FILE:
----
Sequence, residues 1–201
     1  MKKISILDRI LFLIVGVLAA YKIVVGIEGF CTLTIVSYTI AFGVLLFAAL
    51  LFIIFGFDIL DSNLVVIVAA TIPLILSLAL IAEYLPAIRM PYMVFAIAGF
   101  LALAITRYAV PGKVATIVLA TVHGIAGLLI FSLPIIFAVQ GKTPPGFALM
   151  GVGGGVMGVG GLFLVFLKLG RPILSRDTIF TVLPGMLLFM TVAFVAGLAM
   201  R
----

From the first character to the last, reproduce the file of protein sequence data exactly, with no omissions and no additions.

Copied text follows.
Sequence, residues 1–201
     1  MKKISILDRI LFLIVGVLAA YKIVVGIEGF CTLTIVSYTI AFGVLLFAAL
    51  LFIIFGFDIL DSNLVVIVAA TIPLILSLAL IAEYLPAIRM PYMVFAIAGF
   101  LALAITRYAV PGKVATIVLA TVHGIAGLLI FSLPIIFAVQ GKTPPGFALM
   151  GVGGGVMGVG GLFLVFLKLG RPILSRDTIF TVLPGMLLFM TVAFVAGLAM
   201  R